Redwood City, Calif.-based Tumbleweed Communications
settled a patent infringement lawsuit this week in the U.S. District Court for the Northern District of California against service providers DST Systems, Inc. and NewRiver, Inc.
The settlement amount was not disclosed, although there will be a royalty of four cents per each delivery of electronic information using a personalized, trackable URL.
According to a spokesperson for Tumbleweed, that fee will be paid in perpetuity.
Tumbleweed is a provider of secure messaging applications for businesses and government organizations using the Internet. The company’s patents, both pending and granted, pertain to the delivery of secure communication over Internet standards.
Tumbleweed has instigated a slew of patent infringement lawsuits against numerous Internet-based companies over the past few years, including greeting card service eUniverse, each time claiming that Tumbleweed’s delivery technology was unlawfully used.
The basis of the lawsuit against DST Systems and New River was that neither company had successfully secured licenses from Tumbleweed before using its No. 6,192,407 patent, which relates to ‘Private Trackable URLs’ for direct document delivery.
The Tumbleweed spokesperson explained that the essence of the lawsuit involved the sending of email notifications that then link back to a Website URL. The main argument in the DST/NewRiver suit was whether or not documents fell under the definition of “data,” which is covered under Tumbleweed’s patent.
“It’s a fundamental patent,” said the spokesperson. “Its away of binding content and identity as part of a service offering.”
In May of this year, Tumbleweed filed a patent infringement suit against PayPal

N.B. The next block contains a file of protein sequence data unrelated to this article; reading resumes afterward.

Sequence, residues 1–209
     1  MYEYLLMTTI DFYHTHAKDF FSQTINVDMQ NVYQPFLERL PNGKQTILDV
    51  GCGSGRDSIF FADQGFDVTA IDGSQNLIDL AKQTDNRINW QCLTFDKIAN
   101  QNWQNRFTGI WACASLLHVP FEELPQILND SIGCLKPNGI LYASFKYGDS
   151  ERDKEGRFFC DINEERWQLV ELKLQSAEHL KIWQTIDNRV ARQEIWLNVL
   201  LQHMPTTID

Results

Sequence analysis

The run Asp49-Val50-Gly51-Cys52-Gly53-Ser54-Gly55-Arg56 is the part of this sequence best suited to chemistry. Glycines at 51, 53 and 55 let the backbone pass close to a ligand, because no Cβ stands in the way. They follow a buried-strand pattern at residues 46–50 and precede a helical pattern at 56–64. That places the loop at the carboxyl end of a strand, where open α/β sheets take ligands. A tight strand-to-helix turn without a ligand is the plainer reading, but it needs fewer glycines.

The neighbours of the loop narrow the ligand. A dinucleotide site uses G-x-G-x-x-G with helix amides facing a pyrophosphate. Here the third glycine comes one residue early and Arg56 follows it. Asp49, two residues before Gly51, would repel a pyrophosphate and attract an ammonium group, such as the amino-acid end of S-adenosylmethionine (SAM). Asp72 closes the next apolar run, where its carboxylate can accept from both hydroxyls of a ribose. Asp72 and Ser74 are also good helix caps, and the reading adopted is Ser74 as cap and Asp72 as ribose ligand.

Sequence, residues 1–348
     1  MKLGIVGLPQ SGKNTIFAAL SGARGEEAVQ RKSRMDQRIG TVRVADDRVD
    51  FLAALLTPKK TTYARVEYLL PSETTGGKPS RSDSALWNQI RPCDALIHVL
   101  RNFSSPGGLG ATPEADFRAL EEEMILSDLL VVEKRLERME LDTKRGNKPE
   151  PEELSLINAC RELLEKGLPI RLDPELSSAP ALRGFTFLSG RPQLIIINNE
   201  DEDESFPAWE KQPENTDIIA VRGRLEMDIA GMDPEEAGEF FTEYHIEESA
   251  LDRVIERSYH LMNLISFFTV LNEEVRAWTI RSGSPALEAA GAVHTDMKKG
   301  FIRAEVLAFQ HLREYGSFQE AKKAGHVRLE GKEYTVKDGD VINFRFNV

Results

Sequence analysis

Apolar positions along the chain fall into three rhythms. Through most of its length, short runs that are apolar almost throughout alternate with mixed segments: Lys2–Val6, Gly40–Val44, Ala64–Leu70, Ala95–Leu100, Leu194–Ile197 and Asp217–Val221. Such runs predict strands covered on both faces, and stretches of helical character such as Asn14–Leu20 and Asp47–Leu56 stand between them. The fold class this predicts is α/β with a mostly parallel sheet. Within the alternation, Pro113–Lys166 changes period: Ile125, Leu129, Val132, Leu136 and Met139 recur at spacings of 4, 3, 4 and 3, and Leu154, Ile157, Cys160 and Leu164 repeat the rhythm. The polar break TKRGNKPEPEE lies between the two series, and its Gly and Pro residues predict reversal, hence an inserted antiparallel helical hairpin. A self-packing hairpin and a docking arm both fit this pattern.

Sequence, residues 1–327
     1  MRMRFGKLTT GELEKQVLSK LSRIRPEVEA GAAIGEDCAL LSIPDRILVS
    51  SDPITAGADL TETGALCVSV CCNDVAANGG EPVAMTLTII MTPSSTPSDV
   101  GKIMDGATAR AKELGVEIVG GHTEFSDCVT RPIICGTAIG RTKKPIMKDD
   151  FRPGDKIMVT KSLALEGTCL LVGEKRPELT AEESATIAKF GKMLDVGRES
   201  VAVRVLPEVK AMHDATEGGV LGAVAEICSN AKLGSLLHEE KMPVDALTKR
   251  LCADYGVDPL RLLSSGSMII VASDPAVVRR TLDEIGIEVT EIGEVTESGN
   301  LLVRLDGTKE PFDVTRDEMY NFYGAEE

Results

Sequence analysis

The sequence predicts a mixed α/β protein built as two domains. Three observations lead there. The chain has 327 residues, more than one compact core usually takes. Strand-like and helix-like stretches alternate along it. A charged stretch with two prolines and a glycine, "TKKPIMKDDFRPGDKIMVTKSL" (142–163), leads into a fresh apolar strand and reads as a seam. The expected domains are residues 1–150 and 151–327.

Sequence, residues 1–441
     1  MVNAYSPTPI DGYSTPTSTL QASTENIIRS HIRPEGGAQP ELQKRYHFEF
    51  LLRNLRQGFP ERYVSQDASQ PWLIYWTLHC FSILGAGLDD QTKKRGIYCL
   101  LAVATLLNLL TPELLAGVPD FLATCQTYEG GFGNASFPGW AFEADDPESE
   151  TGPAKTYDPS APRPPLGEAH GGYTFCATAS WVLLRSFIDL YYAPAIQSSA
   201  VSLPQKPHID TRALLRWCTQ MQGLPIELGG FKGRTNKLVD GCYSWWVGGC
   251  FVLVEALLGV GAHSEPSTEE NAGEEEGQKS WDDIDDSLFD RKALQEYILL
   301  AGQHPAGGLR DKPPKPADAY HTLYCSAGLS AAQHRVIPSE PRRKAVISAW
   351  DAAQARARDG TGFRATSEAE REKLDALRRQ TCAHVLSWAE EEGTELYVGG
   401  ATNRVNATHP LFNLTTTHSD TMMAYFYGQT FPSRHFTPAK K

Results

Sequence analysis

in U.S. District Court for the Northern District of California charging that PayPal infringed on two of its patents, both related to electronic notification processes and document storage and retrieval.
Last year at an SEC filing, PayPal dismissed Tumbleweed’s claims by saying: “We believe that Tumbleweed’s assertions are without merit. We believe that our service does not infringe the patents and that we therefore do not require a license.”
Tumbleweed also filed a similar suit against Yahoo!
this year, alleging that the Internet portal infringed on its Private Trackable URLs patent.
The outcome of the Yahoo! and the PayPal suits are still undetermined.
In a move that will strengthen Tumbleweed’s future patent disputes, earlier this week Tumbleweed was granted a new patent by the U.S. Patent and Trademark Office.
Patent No. 6,487,599, titled “Electronic Document Delivery System In Which Notification Of Said Electronic Document Is Sent To A Recipient Thereof,” is a continuation of No. 6,192,407, which is the patent that so far has been at issue in many of Tumbleweed’s lawsuits.
“Essentially, the U.S. Patent and Trademark Office affirmed today that Tumbleweed’s patents cover the use of personalized, trackable URLs to deliver ‘data’ and ‘electronic information’ as well as ‘documents’ – a term used in the earlier patent claims,” said Bernard J. Cassidy, Tumbleweed’s Vice President and General Counsel.
“We believe that the new patent will strengthen our position in litigation, including Tumbleweed v. PayPal, Inc. and Tumbleweed v. Yahoo! Inc.,” continued Cassidy. “The defendants will not be able to avail themselves of the argument, which has been advanced by some companies, that their communication methods don’t infringe our patents because they deliver data – but not documents. We believe the Patent Office has plainly recognized that Tumbleweed’s inventions, as described in our patents, broadly extend to the electronic delivery of any type or form of data.”